21" will work OK within their bandpass but you will probably use another smaller woofer above them.

JR
Title: Re: 21" Cones - Why Not?
Post by: Mikael Holm (the old one) on October 14, 2004, 07:14:41 pm
JR wrote on Thu, 14 October 2004 21:03

21" will work OK within their bandpass but you will probably use another smaller woofer above them.


Up to 150Hz w/ Flashlight and 180Hz w/ Floodlight. OTOH Turbo recommend TSW-718 (double 18") w/ Floods because of the upper limit of the bandpass horn.

Title: Re: 21" Cones - Why Not?
Post by: Mikael Holm (the old one) on October 14, 2004, 07:18:05 pm
jbrooks wrote on Thu, 14 October 2004 19:40

But there is an awful lot of
Turbosound TSW-21 cabinets out there
for something that 's not supposed to work so well.


I remember seeing a figure of over 3000 Turbosound Flashlight TFS-780H sold so there must be AT LEAST 3000 TFS-780L boxes laying around somewhere. Add to that the sister box TSW-721 (without flyware) and we are counting some huge numbers of 21" drivers being in use today.

Title: Re: 21" Cones - Why Not?
Post by: Tim Padrick on October 14, 2004, 09:16:50 pm
Quote:

Mike AB wrote on Thu, 14 October 2004 10:45
Simple answer. Transient response. An 18" woofer is commonly considered the largest size woofer that will effectively reproduce transients. The larger the cone surface area, typically thicker material is required to make the cone rigid enough to withstand the immense push of the voice coil.
EV had their 30" woofer 20+ years ago (Mitsubishi and possibly others had King Size woofers as well), and it put out some IMPRESSIVE low end. But no punch. Notice it isn't widely used or available anymore?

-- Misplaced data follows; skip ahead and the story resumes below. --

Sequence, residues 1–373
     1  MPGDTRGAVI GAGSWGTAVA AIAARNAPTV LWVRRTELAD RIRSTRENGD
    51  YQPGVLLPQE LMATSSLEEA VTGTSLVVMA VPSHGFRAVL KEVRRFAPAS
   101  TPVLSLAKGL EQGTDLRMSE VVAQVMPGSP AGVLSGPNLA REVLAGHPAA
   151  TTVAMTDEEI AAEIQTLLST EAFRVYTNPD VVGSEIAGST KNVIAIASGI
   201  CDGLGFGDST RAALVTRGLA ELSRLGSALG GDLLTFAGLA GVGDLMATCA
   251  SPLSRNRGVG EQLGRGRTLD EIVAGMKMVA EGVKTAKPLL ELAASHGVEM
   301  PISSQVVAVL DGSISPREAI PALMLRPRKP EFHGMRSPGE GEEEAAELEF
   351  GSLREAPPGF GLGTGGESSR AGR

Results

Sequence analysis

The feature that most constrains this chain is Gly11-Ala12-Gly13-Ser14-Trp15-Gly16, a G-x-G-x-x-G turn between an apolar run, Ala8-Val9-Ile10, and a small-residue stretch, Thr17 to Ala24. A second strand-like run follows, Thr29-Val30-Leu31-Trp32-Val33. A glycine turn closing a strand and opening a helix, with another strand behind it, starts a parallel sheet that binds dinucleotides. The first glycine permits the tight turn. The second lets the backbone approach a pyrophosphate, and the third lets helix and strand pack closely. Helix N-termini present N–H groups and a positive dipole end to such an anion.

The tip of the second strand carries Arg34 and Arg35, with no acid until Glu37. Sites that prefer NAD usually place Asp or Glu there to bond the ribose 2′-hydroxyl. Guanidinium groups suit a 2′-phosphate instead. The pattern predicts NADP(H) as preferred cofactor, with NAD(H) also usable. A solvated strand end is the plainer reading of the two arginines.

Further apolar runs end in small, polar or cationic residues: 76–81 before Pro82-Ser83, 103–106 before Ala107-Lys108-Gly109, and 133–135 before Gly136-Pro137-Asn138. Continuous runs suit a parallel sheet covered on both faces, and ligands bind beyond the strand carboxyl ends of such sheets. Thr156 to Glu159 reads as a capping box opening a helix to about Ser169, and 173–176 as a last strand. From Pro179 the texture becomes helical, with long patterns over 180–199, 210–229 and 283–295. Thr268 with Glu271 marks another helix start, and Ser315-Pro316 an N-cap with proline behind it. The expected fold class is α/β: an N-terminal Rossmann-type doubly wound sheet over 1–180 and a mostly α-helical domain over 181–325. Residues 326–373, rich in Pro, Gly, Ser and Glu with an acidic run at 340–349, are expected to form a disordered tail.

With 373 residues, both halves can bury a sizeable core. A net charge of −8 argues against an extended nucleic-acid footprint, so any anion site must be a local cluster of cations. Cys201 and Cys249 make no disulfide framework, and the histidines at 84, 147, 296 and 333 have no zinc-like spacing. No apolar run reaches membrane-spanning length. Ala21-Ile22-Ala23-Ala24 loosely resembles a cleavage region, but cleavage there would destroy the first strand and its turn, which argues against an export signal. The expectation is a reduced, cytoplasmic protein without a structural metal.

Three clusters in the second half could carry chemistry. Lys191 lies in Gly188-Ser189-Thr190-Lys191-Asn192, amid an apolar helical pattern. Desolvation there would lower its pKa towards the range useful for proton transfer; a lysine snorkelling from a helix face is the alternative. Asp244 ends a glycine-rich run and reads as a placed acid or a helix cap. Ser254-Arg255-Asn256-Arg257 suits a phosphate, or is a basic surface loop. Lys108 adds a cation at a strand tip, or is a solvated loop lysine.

It IS possible that through new materials that these guys have overcome this issue - but I don't believe it..
Regards,
Mike


Nope.  The rise time of the signals produced by subs is very long (in other words, the signals are "slow").  Driver speed is just not an issue.  If subwoofer 'A' "sounds faster" or "has more punch" than subwoofer 'B', it is almost certainly because of one of the following:

'A' is producing more distortion than is 'B'.  The distortion products are more audible than the fundamental frequency.  Most PA subs are junk - 40Hz in at a decent level gives as much 80Hz and 160Hz out as 40Hz out.  (Many Hi-Fi subs aren't a lot better.)

'A' has better phase/time alignment to the rest of the system than does 'B'. Owing to the various box designs and the crossover and EQ filters, subs require that the top boxes be delayed to the subs to align the boxes properly.  (My subs are front loaded, and I have to delay the tops 12.5 feet to line them up.  It makes quite a differenc.)

'B' has a badly tuned port (or a badly designed horn) and is resonating excessively (it is 'ringing' or has a lot of 'overhang').



Title: Re: 21" Cones - Why Not?
Post by: Scott Shaw on October 14, 2004, 11:19:21 pm
While I'm certainly no expert on this subject, or any other in pro sound, I would think the mechanical damping of a speaker that size would be a factor. I prefer 10's over 15's or 18's on my bass rig because of their abilty to produce very tight response. Each speaker size seems to have it's own characteristics.

Scott
Title: Re: 21" Cones - Why Not?
Post by: Baron Gray on October 15, 2004, 05:46:49 am
Yup and that's why guitar players seem to go for the old 12" and Bass players opt for the 8 or 10s in their quad or octa boxes.

It is all about personal preference and I like my bass tight and punchy and all the 12s I have tried sounded a bit fuzzy around the edges compared to the 10s.

Baron
Title: Re: 21" Cones - Why Not?
Post by: David A. Parker on October 15, 2004, 08:44:34 am
Ah, the KF940 Supersub. I experienced those once, it was unforgetable. It was an outside festival, I parked a half mile from the stage, and the bass was tight when I got out of the car. A quote from the eaw website

Description